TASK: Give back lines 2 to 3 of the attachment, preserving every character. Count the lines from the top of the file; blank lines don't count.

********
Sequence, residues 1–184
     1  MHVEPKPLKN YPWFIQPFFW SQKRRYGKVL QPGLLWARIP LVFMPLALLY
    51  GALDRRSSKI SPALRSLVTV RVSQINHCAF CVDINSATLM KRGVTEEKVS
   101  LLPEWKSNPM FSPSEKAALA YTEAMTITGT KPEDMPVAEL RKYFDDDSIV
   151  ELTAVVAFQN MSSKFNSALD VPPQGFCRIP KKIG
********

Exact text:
     1  MHVEPKPLKN YPWFIQPFFW SQKRRYGKVL QPGLLWARIP LVFMPLALLY
    51  GALDRRSSKI SPALRSLVTV RVSQINHCAF CVDINSATLM KRGVTEEKVS